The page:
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Royall Tyler to Robert Woods Bliss, January 20, 1938 [2]

20.I.38 Geneva

Dear Robert.

I had a horrid shock just now when I got your cableSee telegram of January 19, 1938 [2]. saying no beltBZ.1937.33. & no spoons.BZ.1937.35–42. I at once got out DelarancherayeDe La Rancheraye et Cie., a shipping company in Paris. by ‘phone, & learned that the idiot had waited for the écrin“Case.” for the belt before shipping, tho’ I had given him plain orders to ship belt & spoons by the Newport News, & the écrin by a later boat, when ready. I’m so very sorry there’s been this delay. I’ve wired you that Delarancheraye says belt & spoons are are on the City of Havre, due to reach Baltimore the 22d inst.See telegram of January 20, 1938 [1].

Your letter of 31 Dec. reached me a couple of days ago. It’s really a superb joke on me, given my job, that I should continually get my ac/s“Accounts.” wrong.See letters of October 7, 1937; November 10, 1937; December 31, 1937; and February 1, 1938 [2]. I haven’t got them with me at the moment, but will check up on the point you raise when I get back to Bpest.

I’m glad you agree about the Guilhou-HirschÉdouard Guilhou, a Parisian collector. Jacob Hirsch (1874–1955), a German-Swiss numismatist, archaeologist, and antiquities dealer. ring.BZ.1947.15. I haven’t had time to go & see Hirsch yet, but hope to do so before I leave for Pest again end next week.

I’ve written to Juritzky, asking him to apply to insurance anything there may be left over from the Sch. 1500. After freight has been paid. I’ll try to get information as to the possible action of cold on the columns.BZ.1940.78–79. I shouldn’t think the temperatures you get at the Oaks would hurt them, for they were as good as out of doors at Gablitz,Juritzky lived in the villa “Mon Repos” in Gablitz, near Vienna. where the thermometer drops about as low as it does in Washington, sauf eerreur.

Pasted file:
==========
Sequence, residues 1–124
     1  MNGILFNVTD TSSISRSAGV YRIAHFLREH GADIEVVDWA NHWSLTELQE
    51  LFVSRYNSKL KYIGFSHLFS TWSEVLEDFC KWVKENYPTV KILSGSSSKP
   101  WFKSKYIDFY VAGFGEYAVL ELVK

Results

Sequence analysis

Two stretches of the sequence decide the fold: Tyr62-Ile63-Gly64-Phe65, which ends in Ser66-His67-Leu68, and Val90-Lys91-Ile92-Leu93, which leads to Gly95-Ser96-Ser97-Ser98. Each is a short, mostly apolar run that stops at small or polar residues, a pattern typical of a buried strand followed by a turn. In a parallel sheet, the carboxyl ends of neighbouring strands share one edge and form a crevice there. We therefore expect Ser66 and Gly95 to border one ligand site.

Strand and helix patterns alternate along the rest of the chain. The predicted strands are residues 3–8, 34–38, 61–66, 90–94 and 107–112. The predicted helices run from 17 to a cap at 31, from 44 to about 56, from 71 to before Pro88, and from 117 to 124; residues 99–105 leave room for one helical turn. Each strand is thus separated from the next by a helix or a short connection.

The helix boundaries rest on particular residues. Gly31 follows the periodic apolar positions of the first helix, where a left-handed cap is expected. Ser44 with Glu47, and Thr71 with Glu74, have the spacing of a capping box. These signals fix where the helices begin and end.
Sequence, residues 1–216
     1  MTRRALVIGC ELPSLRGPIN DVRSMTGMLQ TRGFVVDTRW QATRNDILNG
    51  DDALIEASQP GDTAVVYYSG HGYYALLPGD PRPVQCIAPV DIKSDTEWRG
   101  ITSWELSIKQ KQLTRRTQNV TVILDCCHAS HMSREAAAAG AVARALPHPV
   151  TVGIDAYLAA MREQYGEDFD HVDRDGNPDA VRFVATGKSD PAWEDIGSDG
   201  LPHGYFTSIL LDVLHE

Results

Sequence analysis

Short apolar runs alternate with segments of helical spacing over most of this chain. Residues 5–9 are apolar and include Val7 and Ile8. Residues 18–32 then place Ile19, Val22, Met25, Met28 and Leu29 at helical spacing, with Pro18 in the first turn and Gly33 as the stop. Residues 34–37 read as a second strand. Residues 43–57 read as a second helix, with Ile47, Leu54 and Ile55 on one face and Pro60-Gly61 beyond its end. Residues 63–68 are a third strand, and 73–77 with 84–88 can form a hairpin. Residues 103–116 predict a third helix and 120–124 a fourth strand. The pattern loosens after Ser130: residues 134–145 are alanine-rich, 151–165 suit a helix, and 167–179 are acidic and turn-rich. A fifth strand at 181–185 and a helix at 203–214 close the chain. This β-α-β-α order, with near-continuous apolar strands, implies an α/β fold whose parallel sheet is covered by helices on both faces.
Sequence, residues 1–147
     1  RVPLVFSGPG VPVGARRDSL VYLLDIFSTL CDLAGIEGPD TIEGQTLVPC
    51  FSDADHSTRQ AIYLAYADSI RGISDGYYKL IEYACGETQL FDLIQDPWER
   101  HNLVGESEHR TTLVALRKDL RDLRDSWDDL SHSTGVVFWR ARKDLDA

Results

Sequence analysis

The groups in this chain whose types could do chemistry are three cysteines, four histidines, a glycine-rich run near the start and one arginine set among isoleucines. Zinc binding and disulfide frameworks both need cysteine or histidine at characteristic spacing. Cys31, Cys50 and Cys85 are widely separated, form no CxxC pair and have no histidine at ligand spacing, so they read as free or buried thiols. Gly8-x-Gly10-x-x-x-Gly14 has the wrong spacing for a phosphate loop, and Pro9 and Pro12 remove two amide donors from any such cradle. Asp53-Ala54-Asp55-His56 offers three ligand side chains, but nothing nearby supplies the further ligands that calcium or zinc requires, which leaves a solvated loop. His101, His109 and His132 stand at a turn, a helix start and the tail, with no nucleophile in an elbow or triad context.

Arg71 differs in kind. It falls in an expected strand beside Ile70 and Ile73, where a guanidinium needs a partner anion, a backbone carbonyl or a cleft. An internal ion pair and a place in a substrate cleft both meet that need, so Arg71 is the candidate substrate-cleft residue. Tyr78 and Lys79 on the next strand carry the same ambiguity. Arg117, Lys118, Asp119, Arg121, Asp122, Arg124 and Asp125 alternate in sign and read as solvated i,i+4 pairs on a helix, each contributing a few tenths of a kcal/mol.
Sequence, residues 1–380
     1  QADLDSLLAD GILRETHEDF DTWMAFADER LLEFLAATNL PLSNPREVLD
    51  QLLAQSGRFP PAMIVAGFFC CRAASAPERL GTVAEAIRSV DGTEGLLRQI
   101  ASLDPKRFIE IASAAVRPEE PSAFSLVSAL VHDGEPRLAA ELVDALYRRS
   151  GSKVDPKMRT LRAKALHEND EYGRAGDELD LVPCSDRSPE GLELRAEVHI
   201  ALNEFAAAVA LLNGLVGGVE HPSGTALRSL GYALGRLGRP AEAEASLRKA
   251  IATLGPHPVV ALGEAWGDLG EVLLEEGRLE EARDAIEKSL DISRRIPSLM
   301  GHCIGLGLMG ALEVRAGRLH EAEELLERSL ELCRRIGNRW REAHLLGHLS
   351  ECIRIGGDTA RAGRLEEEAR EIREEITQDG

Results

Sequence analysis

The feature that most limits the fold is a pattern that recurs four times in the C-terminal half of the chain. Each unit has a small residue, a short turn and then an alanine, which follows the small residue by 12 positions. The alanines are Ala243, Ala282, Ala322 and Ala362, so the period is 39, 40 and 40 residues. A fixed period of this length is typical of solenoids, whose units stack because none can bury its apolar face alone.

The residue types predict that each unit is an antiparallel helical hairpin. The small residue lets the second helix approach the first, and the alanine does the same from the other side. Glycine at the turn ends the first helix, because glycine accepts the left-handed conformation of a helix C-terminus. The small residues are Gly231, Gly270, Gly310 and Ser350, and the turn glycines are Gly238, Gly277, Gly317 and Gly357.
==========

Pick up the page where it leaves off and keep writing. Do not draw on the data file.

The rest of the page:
Juritzky says the columns came from Ephesus, & were brought to Vienna together with the fine 4th cent. busts from Ephesus,One of these is possibly Portrait of a Priest, Roman, marble, Museum für Kunst und Gewerbe Hamburg, inv. no. 1961.139. one of which is reproduced in our Vol. 2.This reference is unclear as no portrait busts are listed as coming from Ephesos in volume 2.

Yes, I remember Byk’sPaul M. Byk (1887–1946), an employee of Arnold Seligmann, Rey & Co., New York. seated Romanesque wooden Madonna.In correspondence from Paul M. Byk to Robert Woods Bliss, dated December 28, 1937, this sculpture is described as a “great French early Virgin.” Byzantine Collection, Seligmann correspondence file. I also liked it—but I don’t think it is quite your kind of object, unless you could get it for very little, which is unlikely, given the source.

No news about the Dresden ivories. They are the things I really want you to get. I’ve written again to Fiedler.

No, you didn’t write to me about the Esztergom reliquary.The Esztergom Staurotheke, Byzantine, ca. 1150–1200, silver gilt and enamel, Cathedral Treasury, Esztergom, Hungary, acc. no. 64.3.1. I’m pretty sure the Hunks“Hungarians.” would not let it out of the country.

Nothing definite as yet about my future plans. Various suggestions & possibilities, some of them interesting. I wouldn’t care to take any sort of private or official job in Hungary, in the circumstances. It would put my past activities there in an unflattering light. I’m afraid that I must make up my mind to a very big drop in screw—but the work may be extremely interesting. I think it is high time I changed my beat, greatly though I shall regret the old one, for many reasons.

Much love to you both


R. T.

Associated People: Antonin Juritzky; Hermann Fiedler
Associated Places: Hungary
Associated Things: L'art byzantin